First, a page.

Public affairs:

Cambre: Associate consultants won the top prize and third place in the John Houston Essay Contest organised on 16 March by the European Public Affairs Consultancies’ Association (EPACA). François BARRY was the winner and Andrea TOGNONI came third in the competition whose theme this year was “A world of distrust: how does it affect Public Affairs?”

EDSO for smart grids: Roberto ZANGRANDI was appointed as the new Secretary General. Since 2015 Mr ZANGRANDI has been special adviser of EDSO on secondment from Enel, where he guided their EU Institutional Affairs office in Brussels between 2007 and 2014.


Got any new appointment you would like us to include in our next newsletter? Contact Ifigenia Balkoura!


Institute of Directors (IoD): Mark Cunningham was appointed as the new chairman. In his new role, Mark will be focusing on growing IoD’s membership, both Belgian and British business people with the opportunity to grow their organisations.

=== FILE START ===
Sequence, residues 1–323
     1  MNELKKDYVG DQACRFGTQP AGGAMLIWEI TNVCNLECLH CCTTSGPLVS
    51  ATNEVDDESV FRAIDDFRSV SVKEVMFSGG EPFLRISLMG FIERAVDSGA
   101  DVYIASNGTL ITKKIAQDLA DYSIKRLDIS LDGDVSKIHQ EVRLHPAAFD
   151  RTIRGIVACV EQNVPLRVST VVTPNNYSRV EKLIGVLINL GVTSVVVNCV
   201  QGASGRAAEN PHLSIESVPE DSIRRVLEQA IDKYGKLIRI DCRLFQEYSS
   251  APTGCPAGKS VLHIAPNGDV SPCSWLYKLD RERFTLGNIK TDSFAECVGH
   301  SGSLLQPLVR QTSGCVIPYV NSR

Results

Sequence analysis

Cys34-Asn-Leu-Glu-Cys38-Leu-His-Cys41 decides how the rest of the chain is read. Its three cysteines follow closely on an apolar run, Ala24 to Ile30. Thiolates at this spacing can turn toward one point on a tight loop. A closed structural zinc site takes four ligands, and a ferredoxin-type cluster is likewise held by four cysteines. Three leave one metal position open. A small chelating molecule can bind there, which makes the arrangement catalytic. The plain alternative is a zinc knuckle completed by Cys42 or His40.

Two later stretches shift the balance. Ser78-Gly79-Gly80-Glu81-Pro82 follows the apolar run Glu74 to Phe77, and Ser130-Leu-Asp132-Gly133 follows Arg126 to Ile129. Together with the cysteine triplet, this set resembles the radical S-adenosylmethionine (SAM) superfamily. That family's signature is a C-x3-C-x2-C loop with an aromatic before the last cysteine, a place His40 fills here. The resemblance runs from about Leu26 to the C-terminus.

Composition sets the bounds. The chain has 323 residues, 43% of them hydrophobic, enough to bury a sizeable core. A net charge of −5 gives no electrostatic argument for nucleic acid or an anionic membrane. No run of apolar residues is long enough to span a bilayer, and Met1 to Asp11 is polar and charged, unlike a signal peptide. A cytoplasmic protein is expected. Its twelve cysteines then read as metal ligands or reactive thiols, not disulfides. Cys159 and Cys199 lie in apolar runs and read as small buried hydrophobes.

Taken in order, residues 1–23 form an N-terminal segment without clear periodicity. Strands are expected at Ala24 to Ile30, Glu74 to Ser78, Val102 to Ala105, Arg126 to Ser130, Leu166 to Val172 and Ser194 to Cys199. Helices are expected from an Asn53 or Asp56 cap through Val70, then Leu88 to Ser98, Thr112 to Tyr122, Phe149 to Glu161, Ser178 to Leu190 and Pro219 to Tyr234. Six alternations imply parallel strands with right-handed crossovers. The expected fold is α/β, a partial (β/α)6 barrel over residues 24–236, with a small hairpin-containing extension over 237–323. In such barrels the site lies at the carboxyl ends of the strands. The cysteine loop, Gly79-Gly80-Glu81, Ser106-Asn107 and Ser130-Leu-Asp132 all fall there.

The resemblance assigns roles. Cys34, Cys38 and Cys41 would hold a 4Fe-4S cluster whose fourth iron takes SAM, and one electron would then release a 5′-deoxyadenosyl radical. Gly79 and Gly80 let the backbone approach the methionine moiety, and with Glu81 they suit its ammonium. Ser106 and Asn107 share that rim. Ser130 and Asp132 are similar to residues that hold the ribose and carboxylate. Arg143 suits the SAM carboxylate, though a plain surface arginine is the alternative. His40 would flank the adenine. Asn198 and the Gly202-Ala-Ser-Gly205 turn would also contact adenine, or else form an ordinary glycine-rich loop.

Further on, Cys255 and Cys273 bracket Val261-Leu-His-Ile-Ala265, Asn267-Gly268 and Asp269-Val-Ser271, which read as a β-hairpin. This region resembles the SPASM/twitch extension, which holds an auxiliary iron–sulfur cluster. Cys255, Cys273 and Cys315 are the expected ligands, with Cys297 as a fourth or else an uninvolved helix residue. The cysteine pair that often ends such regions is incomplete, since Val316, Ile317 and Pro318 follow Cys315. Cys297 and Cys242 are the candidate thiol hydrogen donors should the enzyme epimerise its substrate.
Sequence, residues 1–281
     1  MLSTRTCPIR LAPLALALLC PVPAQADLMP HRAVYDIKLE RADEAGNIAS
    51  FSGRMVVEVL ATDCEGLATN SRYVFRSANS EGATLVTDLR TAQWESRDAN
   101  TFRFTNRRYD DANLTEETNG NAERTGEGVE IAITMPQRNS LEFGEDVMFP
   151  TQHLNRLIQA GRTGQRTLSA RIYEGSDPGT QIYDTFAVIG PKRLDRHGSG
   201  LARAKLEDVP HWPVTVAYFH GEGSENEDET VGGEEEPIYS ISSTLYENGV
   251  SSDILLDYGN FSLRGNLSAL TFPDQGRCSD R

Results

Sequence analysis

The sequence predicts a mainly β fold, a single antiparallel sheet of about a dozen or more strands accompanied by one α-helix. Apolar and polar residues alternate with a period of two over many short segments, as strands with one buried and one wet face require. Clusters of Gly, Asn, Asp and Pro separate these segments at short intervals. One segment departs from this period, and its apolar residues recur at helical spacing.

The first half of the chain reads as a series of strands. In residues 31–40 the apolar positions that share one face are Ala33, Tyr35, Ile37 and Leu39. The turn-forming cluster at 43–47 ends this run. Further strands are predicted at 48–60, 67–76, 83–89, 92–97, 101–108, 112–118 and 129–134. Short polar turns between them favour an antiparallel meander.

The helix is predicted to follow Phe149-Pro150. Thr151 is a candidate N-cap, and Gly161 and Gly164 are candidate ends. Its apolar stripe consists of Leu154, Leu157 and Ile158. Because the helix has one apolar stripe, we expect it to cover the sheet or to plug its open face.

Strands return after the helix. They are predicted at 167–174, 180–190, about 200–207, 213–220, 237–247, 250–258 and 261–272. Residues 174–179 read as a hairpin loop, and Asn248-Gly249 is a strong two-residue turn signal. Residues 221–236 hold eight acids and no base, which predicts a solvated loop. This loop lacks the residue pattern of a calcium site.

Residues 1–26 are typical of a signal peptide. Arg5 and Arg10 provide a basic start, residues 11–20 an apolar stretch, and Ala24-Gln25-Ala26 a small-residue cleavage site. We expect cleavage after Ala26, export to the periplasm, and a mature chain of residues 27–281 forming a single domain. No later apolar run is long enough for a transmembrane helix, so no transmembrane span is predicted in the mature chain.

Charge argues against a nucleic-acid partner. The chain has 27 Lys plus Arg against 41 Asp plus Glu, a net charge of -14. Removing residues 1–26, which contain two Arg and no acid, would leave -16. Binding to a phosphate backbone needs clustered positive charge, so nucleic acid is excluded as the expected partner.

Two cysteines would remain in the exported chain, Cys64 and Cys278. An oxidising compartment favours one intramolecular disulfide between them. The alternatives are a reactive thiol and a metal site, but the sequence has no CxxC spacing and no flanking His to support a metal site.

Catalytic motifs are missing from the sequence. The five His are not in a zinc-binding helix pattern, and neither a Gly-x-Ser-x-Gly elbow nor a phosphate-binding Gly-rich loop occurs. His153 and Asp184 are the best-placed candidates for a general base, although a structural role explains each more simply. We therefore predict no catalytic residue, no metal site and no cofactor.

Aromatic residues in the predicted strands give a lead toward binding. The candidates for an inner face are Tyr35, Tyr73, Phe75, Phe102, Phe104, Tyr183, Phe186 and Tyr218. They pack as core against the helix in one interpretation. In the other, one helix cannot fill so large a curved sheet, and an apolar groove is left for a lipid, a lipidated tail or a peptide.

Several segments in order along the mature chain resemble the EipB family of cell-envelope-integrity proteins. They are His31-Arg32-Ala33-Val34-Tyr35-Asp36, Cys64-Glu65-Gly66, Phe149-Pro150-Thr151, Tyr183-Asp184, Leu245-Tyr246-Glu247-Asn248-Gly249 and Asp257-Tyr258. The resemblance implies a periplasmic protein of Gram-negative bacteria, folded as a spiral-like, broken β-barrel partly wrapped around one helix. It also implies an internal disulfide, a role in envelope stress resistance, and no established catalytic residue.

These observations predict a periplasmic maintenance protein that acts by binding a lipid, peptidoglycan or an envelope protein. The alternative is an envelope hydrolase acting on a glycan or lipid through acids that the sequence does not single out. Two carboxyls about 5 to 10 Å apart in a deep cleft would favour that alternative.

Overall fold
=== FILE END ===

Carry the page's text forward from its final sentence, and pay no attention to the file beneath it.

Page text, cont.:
Metal Packaging Europe: Beverage Can Makers Europe (BCME) and European Metal Packaging (Empac) announced their merger into one association, named after the former Metal Packaging Europe, which also forms part of the new association. The new European association will bring together national associations, suppliers and manufacturers to promote metal packaging. APEAL, the Association of European Producers of Steel for Packaging welcomed the launch.

 

News in a nutshell:

Brexit: The final countdown for Theresa MAY to trigger Brexit talks has now started after Downing Street confirmed on Monday that the prime minister will trigger Article 50 on 29 March. Earlier last week, the Queen gave her royal assent to the Article 50 bill, while MPs voted down amendments by House of Lords to guarantee the post-Brexit rights of EU citizens’ living in the UK and to give parliament a meaningful vote on the final deal.